Swimming sensation Missy Franklin is finishing up her college career in the pool and planning to become a professional soon. As she prepares to defend her gold medals at the next Olympic Games, she's also revisiting her last competitive journey through a new film that debuts Saturday in Denver.

Franklin, a Colorado native, was the biggest story of the 2012 London games. She competed in seven events, winning four gold medals and a bronze. She also set a world record -- and she did all of it as a teenager.

The film, "Touch the Wall," is directed by Christo Brock and Denver's Grant Barbeito. In addition to tracking Franklin's career, it follows her teammate Kara Lynn Joyce, a veteran fighting to make it back to her third Summer Games. The film is as much about their relationship as it is about swimming.

When the film starts, Franklin and Joyce are in a tattoo parlor in Highlands Ranch. Franklin is trying to convince Joyce to get the Olympic rings etched into her skin, which is a tradition for the U.S. swim team.

The two swimmers made a pact to get the tattoo, Brock says.

"Well, Missy had kind of made the pact and Kara begrudgingly agreed to it," he adds. "In that scene you can see how Missy and Kara treat each other, how much they like each other. So it was a way to show people what the film was going to be about, and then go back and start from the beginning."

In numerous places, "Touch the Wall" shows Franklin and Joyce in their respective homes, baking or, in Franklin's case, goofing around with her parents.

"My parents are my best friends," Franklin says. "I thought Grant and Christo did an amazing job portraying our relationship. There were some awesome times that I was dying when we watched it for the first time, of my dad and I getting on my mom's nerves. That's so typical."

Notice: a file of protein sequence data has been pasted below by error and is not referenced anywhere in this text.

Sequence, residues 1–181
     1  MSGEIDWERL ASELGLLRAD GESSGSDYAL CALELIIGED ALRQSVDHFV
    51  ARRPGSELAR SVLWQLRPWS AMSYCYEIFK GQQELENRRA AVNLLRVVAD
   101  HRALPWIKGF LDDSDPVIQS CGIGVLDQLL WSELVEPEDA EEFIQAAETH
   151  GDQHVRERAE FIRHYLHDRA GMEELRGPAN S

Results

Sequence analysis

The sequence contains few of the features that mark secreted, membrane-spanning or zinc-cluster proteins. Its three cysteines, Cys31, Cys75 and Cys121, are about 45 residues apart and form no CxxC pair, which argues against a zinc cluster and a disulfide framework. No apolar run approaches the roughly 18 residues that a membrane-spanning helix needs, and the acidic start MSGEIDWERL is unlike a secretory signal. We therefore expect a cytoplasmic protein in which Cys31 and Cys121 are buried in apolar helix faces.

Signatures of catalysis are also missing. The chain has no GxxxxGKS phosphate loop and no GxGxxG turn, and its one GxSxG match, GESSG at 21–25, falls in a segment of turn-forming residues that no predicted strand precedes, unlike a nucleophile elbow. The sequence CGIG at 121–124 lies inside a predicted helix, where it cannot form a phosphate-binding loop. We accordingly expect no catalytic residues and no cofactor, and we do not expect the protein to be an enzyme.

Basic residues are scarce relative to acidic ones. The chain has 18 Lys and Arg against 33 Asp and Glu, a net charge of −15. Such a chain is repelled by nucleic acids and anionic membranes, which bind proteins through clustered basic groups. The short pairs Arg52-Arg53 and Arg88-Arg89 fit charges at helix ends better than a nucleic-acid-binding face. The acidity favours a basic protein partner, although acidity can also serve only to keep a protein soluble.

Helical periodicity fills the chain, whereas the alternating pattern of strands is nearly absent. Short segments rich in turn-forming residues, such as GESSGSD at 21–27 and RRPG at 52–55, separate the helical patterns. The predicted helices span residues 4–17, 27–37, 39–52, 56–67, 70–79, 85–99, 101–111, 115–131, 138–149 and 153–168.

Besides the hard work it takes to make the Olympics, the clearest message from the film might be Franklin's innate likability. She's kind, has an infectious laugh, and always has a smile on her face, even at swim practice in the early morning hours.

In one scene, Barbeito interviews Franklin as she is quickly becoming a star. Barbeito asks Franklin what it feels like to be famous. 

She responds, "I am not famous. I am not! No, I am not. I am not famous. I am... I have gotten media attention. That is it. There is no 'fame' involved. I'm not famous. Who told you I was famous?"

The whole time she's cracking a smile, sometimes whispering, talking as much to herself as anyone else. There's no false modesty evident in her face or her voice.

Franklin says she has seen the film a few times, and admits it’s strange to see herself on screen.

"And not even seeing yourself on camera, but seeing your awkward 14-year-old self on camera," Franklin finishes with a laugh.

The film screens Saturday at the Buell Theater as part of the Starz Denver Film Festival. It starts a run at the Sie FilmCenter in Denver on November 28. Screenings can also be organized through the social film site Tugg.com.